No one cares (especially now that Cutler and Company are on ice until the Bourbonnais is cracked open, so I’ll make this short and sweet. Post mortem thoughts on the Munsters of the Midway:
- Jay Cutler – I owe Jay Cutler an apology. Kind of. After two years of the Chicago media making apologies for (essentially) the same erratic play they ran Rex out of town for, Cutler did put together a few good games before getting injured. However, his season passer rating was actually LOWER than last year with a low of 46.7 against Carolina and a high of 115.9 against Minnesota. Against the most important team on our schedule the Green Bay Packers? Below is career average at 78.9. I see NOTHING to change my opinion that Cutler has very little leadership skill although there was a noticeable drop in his sideline whining and pouting the past two games he played. The key is can he do it fighting a loosing streak. Cutler isn’t the worst QB in the NFL but he is certainly near the bottom of the NFC North. Which leads me to my apology:
- Caleb Hanie – Caleb wasn’t better than Cutler. McCowan showed us what we are missing. (And not just in a BACKUP quarterback by the way). I was hoping for a potential Tony Romo 2.0 and got the worst version of the ghost of Rex Grossman in Cub’s clothing. In fairness to Caleb, the media and coaches really haven’t given him a chance to develop. Playing the scouting team for two years without any reps since training camp with starters isn’t a great way to prepare. Cutler had three games in 2007 with no touchdowns and two interceptions. Caleb had one with zero touchdowns and three interceptions. But I did expect Caleb to show more of the magic he did in last years NFC playoff game with the Packers. He did show flashes for sure. He probably is capable of producing fairly well for a team that would give him time to develop some patience and experience but with many better profiled quarterbacks coming from more NFL-style offensive college systems will anyone give him a chance? It’s clear he won’t find it here in Chicago, and didn’t make use of the chance he had.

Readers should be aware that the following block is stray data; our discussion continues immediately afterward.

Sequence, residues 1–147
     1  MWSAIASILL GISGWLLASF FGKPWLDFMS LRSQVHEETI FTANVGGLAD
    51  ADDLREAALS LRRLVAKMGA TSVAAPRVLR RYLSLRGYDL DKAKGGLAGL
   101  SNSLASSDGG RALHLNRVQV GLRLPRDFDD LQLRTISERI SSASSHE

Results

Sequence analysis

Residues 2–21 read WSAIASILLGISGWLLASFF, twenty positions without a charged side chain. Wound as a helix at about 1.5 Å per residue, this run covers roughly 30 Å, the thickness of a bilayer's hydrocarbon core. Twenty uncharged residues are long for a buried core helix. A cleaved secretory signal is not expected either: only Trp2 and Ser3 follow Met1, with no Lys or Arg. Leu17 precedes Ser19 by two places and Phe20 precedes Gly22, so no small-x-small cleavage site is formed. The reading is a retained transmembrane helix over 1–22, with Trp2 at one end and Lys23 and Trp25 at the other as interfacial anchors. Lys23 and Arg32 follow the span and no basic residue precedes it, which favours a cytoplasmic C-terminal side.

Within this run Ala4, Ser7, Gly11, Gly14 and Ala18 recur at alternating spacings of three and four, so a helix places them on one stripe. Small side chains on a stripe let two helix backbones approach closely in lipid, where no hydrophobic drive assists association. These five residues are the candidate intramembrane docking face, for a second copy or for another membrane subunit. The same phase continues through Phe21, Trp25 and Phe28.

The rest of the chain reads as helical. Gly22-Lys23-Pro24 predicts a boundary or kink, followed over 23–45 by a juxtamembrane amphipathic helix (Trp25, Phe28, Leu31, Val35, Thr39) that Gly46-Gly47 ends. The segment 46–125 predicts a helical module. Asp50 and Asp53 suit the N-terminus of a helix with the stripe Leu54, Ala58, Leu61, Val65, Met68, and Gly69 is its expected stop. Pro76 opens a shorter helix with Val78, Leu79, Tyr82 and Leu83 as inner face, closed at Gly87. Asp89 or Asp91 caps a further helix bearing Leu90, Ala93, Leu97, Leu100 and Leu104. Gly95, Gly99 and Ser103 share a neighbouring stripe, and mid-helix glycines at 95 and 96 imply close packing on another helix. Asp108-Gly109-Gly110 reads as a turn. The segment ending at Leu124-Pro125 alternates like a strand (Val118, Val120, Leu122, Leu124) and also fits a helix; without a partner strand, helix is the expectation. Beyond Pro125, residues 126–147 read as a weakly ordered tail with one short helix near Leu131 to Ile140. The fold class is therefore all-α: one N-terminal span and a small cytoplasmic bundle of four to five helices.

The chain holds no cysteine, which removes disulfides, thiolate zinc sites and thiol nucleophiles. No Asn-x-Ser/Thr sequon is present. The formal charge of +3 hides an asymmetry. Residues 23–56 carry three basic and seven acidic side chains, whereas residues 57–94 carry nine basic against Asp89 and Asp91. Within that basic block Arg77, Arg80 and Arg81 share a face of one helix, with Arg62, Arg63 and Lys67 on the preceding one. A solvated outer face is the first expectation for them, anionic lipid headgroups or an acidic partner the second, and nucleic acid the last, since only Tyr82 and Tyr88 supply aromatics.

- Chicago Sports Media – is downright embarrassing. Fox announcers at the Seahawk game expressed astonishment at the mentally imbalanced attacks on Hanie wondering why it was so “personal.” Hanie looked great up until midway through the 3rd Quarter when he fell apart. But the Chicago media had already smeared him as Bozo the clown despite grudgingly admitted he easily could have won 2 of the previous 3 games. Then you get insane analysis like this, ready to put a guy in the Hall of Fame. David Haugh, a sometimes insightful and intelligent writer, publicly lambasted Bears ownership for letting Kreutz go supposedly for being an old “clubhouse leader.” What did this “leader” do? Flipped off his new team and walked away mid-season because he didn’t feel like playing anymore. Grossman turned out to be as good as Orton but for some reason was the target of the Saul Alinksy treatment. Meanwhile, media favorites like Forte are protected from any criticism despite perpetrating a lie against their employer for most of the season. Chicago sports media is almost as embarrassing as the Daley machine and Chicago politics. I wonder if the rest of Illinois can secede from sports media but keep our sports teams.